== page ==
Romansby David Cook
I have dwelt for years practically alone in Africa. I have been thirty times stricken with fever, three times attacked by lions, and several times by rhinoceri; but let me say to you, I would gladly go through the whole thing again, if I could have the joy of again bringing that word “Saviour” and flashing it into the darkness that envelopes another tribe in Central Africa.—William R. Hotchkiss, missionary in Africa in the 19th century.
The apostle Paul expressed a similar ambition in verse 20. Such aspiration will show itself in plans and strategies. After exhausting his church planting opportunities in the east (v. 23), Paul planned to go west, and Spain was as far west as it was possible to go then. But Paul would first go to Jerusalem (vv. 25–26) with his collection from the Gentile churches to ease the famine there. The Gentiles were glad to contribute to this (v. 26), for since they had shared in their spiritual blessing, the gospel, then likewise they should share materially with believers in Jerusalem.
So Paul’s plan was to head to Jerusalem and then to Spain via Rome. Without embarrassment, he asks them to financially support his trip to Spain (v. 24).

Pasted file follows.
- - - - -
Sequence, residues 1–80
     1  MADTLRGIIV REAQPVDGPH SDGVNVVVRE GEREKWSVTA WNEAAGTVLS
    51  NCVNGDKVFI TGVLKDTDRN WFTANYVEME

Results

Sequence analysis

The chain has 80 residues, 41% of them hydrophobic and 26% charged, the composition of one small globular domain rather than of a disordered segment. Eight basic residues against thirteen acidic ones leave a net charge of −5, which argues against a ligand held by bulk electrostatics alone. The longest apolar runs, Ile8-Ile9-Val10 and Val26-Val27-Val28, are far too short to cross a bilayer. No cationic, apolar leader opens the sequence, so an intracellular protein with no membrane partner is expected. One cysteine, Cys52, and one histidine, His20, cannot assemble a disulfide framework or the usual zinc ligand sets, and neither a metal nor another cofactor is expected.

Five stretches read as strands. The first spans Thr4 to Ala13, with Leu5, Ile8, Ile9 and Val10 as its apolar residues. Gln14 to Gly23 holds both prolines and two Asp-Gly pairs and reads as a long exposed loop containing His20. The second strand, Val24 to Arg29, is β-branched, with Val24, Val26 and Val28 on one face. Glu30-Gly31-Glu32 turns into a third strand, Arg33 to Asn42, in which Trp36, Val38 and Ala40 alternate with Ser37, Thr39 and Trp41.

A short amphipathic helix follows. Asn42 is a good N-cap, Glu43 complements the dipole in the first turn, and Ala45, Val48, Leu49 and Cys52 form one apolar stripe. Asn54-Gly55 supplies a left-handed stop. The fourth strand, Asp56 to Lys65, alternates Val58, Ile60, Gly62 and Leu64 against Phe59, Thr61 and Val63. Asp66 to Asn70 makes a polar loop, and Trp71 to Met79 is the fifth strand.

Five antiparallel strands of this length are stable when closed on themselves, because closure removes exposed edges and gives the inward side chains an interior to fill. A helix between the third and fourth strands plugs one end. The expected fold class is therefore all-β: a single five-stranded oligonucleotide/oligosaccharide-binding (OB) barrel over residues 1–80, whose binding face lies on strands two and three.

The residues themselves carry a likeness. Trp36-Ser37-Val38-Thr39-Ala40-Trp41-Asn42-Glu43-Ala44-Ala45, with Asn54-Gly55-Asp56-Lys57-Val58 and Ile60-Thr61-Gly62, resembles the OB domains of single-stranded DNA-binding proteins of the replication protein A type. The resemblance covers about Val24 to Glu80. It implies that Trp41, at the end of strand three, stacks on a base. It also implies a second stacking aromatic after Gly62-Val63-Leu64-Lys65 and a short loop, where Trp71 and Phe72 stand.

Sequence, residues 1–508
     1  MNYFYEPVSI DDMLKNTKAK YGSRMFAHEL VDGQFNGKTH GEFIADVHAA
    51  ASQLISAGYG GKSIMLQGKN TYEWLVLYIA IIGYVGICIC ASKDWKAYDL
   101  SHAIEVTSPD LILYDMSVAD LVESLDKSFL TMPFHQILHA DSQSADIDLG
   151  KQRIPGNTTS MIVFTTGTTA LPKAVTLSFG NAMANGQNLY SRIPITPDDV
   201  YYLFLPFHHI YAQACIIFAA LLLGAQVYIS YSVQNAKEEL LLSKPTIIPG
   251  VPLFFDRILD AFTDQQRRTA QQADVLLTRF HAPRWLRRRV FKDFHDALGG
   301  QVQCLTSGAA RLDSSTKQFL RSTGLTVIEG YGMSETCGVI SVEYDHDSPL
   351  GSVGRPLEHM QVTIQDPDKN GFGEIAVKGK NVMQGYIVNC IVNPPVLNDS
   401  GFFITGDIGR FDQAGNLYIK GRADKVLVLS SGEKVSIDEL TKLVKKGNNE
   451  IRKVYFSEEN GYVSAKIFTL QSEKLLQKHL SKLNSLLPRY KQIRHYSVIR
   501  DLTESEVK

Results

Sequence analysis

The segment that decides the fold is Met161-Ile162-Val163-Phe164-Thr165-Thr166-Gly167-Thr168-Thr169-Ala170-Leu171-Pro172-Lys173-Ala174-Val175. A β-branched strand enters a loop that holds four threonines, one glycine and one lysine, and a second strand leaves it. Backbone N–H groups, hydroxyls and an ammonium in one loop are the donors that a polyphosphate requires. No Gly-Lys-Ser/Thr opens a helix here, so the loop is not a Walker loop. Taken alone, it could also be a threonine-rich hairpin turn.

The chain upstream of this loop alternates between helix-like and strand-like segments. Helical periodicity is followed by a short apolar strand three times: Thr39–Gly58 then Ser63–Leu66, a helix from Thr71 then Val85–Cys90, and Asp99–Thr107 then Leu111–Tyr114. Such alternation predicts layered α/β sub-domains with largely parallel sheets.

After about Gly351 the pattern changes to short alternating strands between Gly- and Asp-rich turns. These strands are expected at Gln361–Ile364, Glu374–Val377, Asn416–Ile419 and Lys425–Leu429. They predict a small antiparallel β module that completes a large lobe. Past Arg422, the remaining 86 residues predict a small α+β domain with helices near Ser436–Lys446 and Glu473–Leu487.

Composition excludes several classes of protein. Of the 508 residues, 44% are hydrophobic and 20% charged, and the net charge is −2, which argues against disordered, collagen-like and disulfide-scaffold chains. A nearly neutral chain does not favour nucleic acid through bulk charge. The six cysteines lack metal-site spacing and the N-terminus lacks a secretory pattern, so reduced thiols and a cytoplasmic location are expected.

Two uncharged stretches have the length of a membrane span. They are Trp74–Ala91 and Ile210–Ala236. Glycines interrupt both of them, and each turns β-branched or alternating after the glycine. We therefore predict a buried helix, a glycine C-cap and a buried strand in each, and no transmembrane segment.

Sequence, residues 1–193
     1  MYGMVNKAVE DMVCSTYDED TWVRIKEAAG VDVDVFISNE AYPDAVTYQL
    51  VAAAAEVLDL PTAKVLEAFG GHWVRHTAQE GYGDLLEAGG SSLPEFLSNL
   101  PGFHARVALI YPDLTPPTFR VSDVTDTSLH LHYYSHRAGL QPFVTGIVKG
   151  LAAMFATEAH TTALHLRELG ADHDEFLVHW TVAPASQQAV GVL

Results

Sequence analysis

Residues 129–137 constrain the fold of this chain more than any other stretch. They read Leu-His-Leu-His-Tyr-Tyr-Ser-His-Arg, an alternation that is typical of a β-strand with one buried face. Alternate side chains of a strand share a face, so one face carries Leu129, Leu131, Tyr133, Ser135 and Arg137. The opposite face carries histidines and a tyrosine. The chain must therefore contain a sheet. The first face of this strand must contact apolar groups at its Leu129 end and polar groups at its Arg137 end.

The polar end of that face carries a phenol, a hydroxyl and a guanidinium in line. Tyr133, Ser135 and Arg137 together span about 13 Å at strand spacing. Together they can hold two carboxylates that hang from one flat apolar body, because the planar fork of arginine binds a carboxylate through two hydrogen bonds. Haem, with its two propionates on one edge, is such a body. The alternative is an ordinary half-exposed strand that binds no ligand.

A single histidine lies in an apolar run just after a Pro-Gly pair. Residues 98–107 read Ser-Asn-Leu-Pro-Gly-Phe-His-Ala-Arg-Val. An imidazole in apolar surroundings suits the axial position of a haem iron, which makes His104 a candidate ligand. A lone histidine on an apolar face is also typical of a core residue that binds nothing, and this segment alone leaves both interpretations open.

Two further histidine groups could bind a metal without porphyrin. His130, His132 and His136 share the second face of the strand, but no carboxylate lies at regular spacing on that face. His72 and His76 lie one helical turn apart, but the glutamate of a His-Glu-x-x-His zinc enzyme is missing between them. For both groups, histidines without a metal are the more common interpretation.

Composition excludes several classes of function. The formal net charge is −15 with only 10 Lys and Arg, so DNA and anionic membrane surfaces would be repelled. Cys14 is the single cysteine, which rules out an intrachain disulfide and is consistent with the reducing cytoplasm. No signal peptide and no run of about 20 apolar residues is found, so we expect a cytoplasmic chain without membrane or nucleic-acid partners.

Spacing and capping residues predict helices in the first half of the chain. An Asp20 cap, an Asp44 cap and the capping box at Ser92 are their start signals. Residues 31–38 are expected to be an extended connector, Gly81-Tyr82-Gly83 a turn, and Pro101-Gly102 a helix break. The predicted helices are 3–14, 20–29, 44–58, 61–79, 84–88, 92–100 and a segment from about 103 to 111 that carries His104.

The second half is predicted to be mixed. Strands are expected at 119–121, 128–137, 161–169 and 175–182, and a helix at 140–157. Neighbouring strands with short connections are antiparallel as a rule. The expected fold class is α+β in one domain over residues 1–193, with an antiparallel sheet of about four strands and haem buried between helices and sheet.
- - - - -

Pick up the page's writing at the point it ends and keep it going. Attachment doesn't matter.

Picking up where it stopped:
Likewise, missionaries today must never feel self-conscious about asking for support for missionary endeavours. Such requests are actually opportunities for believers to make investments for eternity, ensuring that they will be “welcomed into eternal dwellings” (Luke 16:9).
Paul recognised that his plans were in the hands of God and he would come only in the blessing of Christ (v. 29). Paul further recognised that none of our plans can succeed without the blessing of God, so he urged his brothers to prayer (vv. 30–33).
There is to be no vestige of pride or arrogant self-dependence in our planning or strategising. God is attracted to human weakness and nothing manifests our weakness more than when we call out to God. The Christian life begins with calling on God (Acts 2:21) and so it is to continue in our calling out to God—for apart from Him our plans are meaningless. Nothing so repulses God as human self-sufficiency, pride, and arrogance, which shows itself in our prayerlessness—our lack of dependence on God.
How valid is it to make plans for the future? What are their limitations?
What does Paul show here about a right attitude to the financial support of human need and evangelistic missions?